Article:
At least two people have died and five have been injured after Kenyan police opened fire to disperse opposition protests in the western city of Kisumu, a local reporter has told the BBC.
The police have not commented.
The opposition has been holding weekly demonstrations against the electoral commission, which it says is biased.
Nairobi's police chief had warned opposition supporters not to take part in Monday's protest in the Kenyan capital "if you value your life".
Officers shot dead three people in similar protests in May. They said they were acting in self-defence.
Journalist Richard Omondi says he has confirmed the latest fatalities with the authorities at the Kisumu hospital where the injured were taken.
A bullet has also been removed from the body of a five-year-old boy, who survived the injury.
Omondi told the BBC that protesters had earlier blocked roads with burning tyres and were heading to the electoral commission's offices when police intervened.
They used tear gas followed by live bullets to disperse the demonstrators.
Presidential spokesman Manoah Esipisu said those shot had been looting supermarkets.
The opposition protest in Nairobi passed off peacefully, the BBC's Anne Soy reported from the city.
She said protesters passed the headquarters of the electoral commission but there was no attempt to enter the building, after marshals from the opposition formed a cordon around it.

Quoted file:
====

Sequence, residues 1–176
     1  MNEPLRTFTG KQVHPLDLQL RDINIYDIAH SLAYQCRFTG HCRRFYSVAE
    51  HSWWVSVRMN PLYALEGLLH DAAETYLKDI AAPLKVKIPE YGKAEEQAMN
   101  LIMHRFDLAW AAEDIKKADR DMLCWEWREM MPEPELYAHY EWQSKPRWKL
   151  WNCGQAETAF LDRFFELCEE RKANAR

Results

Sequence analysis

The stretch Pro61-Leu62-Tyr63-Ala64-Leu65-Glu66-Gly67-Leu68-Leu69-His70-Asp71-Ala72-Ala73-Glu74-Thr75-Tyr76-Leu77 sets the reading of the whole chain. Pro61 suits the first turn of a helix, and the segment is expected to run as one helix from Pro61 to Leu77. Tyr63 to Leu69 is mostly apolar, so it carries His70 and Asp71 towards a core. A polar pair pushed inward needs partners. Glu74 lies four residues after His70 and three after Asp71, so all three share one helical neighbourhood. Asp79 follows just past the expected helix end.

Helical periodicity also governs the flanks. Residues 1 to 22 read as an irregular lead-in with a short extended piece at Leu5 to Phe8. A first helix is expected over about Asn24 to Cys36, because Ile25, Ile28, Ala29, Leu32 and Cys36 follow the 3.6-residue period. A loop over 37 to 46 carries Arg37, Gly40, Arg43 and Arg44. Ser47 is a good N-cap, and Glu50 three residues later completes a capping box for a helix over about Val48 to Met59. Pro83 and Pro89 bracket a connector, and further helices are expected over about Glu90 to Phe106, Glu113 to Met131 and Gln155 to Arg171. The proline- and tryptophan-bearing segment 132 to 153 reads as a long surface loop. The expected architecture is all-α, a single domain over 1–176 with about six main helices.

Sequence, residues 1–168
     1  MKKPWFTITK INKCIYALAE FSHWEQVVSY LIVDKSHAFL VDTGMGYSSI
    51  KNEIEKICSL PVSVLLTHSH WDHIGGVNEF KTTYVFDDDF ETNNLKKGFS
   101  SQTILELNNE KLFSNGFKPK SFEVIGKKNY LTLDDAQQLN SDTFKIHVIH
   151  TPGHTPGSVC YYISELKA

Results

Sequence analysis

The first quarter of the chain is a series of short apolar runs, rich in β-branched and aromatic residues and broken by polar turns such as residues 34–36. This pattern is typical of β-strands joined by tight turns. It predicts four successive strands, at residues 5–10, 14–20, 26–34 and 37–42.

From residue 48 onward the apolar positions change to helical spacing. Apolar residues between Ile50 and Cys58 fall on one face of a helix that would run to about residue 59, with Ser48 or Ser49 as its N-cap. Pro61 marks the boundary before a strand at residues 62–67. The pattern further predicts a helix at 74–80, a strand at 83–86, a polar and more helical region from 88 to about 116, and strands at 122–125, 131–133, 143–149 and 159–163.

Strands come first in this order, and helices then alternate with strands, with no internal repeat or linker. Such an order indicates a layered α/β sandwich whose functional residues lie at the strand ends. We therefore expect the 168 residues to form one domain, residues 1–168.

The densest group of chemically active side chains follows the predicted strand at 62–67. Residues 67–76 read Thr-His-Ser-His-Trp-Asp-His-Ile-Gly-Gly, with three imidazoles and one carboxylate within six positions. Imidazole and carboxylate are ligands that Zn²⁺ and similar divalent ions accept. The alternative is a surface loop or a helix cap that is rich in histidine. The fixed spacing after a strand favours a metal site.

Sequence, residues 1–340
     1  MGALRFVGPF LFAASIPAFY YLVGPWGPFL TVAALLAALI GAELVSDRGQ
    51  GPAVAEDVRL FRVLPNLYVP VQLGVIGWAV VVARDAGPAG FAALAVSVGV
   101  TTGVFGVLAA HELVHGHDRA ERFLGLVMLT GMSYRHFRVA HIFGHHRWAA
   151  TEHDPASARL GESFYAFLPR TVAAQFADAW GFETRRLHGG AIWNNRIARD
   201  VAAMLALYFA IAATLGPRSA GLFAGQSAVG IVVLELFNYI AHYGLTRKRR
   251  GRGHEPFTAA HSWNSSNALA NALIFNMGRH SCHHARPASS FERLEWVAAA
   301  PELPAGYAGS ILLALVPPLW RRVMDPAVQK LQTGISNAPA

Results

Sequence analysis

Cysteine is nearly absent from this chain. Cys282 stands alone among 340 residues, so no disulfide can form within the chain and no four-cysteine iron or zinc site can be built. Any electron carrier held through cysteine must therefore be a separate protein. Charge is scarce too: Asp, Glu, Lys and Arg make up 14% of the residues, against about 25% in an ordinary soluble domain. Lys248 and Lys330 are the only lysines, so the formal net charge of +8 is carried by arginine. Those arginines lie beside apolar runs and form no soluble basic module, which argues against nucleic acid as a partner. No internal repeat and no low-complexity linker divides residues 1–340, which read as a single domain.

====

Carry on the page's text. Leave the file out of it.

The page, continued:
Last month, there were complaints of police brutality as officers were pictured assaulting demonstrators in Nairobi.
On Sunday, Nairobi police chief Japheth Koome said police were prepared to use lethal force if necessary, after a Kenyan court had ruled the planned protests illegal.
The ruling was overturned on Monday morning by judge Joseph Onguto, who said the opposition Cord alliance had the right to picket.
Cord, led by former Prime Minister Raila Odinga, wants members of the electoral commission to resign ahead of next year's presidential election.
It says the commission is biased in favour of the governing Jubilee coalition and wants it replaced by a neutral body.